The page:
I'll use Python as an example as that is what I am using to build huge distributed applications right now.
Twisted python allows for a very imperative style using either inlinecallbacks or (slightly uglier) deferredGenerator styles. These methods allow you to write procedures that use event driven callback code that is much easier to read and understand. The implementation turns your function into a lazy sequence that yields a sequence of deferreds.
Specifically, you don't have to build a deeply nested set of callback functions/lambdas/closures, and can instead yield control of a function back to the event loop at arbitrary points. You can mentally re-label this as coroutines or cooperative multitasking if you like. It gets the job done. An example would be (using the uglier deferredGenerator style) like this:
bar = nonBlockingFunction(foo)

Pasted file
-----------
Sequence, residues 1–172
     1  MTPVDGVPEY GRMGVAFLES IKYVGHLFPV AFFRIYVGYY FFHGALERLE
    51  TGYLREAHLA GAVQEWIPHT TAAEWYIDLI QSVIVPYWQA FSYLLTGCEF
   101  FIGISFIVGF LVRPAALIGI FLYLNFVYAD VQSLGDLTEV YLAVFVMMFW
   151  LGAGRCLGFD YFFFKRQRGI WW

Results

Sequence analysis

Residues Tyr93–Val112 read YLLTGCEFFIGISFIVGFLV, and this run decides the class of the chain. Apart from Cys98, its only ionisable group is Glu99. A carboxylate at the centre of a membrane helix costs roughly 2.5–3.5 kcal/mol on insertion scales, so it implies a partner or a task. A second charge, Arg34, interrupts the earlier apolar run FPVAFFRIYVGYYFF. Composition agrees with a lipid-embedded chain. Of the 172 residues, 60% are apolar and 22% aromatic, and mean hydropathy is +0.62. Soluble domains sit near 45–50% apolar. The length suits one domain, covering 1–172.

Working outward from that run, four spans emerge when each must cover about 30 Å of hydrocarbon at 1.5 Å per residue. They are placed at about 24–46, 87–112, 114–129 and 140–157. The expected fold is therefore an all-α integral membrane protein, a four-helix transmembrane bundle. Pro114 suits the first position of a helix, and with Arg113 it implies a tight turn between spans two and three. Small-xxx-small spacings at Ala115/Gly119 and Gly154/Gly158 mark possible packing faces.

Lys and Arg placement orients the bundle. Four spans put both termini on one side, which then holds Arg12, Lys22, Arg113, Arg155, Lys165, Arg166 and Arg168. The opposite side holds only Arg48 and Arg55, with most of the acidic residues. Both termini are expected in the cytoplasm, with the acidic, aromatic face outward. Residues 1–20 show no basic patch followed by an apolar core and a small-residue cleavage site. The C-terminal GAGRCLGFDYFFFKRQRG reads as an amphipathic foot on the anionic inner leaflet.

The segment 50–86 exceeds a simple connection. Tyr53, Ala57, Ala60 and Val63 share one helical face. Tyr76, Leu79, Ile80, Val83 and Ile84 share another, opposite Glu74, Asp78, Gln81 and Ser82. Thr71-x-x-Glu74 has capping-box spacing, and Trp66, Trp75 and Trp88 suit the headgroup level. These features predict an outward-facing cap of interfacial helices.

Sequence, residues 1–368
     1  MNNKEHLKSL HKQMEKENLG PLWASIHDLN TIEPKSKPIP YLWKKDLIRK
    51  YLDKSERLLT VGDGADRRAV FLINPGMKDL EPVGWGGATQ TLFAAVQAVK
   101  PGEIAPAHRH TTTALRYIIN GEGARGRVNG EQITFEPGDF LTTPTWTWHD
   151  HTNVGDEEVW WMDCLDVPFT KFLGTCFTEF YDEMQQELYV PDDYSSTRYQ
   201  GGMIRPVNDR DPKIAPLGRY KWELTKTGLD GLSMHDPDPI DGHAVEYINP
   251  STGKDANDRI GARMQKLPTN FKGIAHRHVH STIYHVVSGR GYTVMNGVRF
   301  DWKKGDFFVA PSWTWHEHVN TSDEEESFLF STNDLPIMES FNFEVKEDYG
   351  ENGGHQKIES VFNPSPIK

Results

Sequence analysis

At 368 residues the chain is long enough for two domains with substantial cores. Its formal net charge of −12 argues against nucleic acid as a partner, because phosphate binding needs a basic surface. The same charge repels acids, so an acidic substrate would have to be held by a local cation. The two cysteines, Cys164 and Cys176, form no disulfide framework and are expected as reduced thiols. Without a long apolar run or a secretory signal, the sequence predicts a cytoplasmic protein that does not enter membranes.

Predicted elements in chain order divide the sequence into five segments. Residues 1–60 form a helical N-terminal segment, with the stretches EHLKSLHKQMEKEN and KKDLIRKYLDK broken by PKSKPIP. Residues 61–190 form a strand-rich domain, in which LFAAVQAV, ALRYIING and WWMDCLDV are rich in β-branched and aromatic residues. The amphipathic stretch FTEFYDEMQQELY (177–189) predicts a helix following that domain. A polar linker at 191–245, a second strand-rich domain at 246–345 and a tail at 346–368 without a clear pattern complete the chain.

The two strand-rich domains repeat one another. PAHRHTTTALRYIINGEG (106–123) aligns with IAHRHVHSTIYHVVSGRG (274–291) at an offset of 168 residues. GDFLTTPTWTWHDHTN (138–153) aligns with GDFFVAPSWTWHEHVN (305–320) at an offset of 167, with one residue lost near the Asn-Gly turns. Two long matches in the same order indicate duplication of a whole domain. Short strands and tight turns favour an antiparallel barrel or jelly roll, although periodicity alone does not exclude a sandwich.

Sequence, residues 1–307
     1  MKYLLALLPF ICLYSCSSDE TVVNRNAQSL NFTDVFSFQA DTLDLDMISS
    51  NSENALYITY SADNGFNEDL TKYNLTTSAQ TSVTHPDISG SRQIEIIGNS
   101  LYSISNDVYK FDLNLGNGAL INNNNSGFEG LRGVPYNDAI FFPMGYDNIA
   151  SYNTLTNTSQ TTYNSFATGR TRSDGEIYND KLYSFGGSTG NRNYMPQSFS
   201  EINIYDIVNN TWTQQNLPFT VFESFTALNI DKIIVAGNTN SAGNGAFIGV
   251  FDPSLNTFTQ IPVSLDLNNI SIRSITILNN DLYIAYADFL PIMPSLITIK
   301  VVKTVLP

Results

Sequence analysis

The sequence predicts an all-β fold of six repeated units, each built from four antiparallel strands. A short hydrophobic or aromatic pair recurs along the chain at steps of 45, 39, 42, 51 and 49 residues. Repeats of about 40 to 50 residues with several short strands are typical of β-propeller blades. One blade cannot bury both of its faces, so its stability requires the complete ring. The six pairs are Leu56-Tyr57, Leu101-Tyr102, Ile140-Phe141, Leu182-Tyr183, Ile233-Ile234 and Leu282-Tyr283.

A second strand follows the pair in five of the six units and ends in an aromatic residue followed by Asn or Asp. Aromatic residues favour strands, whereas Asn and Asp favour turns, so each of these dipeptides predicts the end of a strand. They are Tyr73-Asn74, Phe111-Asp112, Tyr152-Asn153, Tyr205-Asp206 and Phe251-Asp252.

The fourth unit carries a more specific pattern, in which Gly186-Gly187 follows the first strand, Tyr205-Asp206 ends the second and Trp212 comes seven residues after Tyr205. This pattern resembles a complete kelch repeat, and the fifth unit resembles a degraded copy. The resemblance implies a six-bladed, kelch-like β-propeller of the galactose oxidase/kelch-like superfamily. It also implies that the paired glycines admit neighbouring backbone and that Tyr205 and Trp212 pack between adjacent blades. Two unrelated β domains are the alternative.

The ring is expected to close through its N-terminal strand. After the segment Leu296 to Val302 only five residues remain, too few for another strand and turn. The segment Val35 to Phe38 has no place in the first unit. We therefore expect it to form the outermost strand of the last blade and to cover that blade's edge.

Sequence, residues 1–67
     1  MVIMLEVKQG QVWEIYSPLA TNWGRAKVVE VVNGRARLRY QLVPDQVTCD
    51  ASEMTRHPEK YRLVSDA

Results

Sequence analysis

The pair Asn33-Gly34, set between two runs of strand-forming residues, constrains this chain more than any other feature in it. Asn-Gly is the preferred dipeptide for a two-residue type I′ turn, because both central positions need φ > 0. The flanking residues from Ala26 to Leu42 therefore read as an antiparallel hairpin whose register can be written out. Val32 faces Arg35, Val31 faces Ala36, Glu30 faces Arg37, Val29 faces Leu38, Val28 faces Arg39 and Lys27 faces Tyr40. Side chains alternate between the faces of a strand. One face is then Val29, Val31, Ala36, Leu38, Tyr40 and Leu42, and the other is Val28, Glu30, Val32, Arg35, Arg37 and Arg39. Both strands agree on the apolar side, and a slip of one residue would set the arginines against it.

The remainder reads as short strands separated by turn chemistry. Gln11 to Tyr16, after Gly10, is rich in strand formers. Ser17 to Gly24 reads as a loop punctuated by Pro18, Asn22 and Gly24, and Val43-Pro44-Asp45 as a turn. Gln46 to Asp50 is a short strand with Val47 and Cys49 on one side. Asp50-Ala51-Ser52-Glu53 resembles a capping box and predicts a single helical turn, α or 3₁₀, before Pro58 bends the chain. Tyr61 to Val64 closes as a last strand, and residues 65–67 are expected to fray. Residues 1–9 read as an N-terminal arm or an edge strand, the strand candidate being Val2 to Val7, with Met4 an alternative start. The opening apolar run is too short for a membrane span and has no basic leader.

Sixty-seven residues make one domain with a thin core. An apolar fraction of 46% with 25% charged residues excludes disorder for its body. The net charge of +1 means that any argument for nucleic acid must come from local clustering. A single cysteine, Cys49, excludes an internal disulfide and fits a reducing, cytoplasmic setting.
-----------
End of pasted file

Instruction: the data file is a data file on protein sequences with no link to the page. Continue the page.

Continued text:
baz = waitForDeferred(aFunctionThatReturnsADeferredToo(bar))
yield baz #Returns control to the event loop
output = baz.getResult() #This gets the output of aFunctionThat...Too above
yield output #This is how we return a result instead of using return
"""Stuff happens here...."""
There is another post here that shows the inlineCallbacks method, which is cleaner, but requires python 2.5 or newer (meaning not under Centos/RHEL 5 series, which I am sadly stuck with for my app). If you can use it DO SO.
As you can see, this looks like the old school python imperative stuff you know and love, but is WAY easier to maintain without a ton of nested functions and lambdas. I still wish python had blocks though.
As for debugging, you can turn on twisted reactor debugging using the defer.setDebugging(True) call somewhere in your initialization code. This will attach the original traceback that raised an exception in your code, so that you can trivially see where the error ACTUALLY occurred. Just remember to redact the setDebugging statement before going production, because it results in a HUGE amount of extra introspection (watch it in strace if you want to be utterly horrified).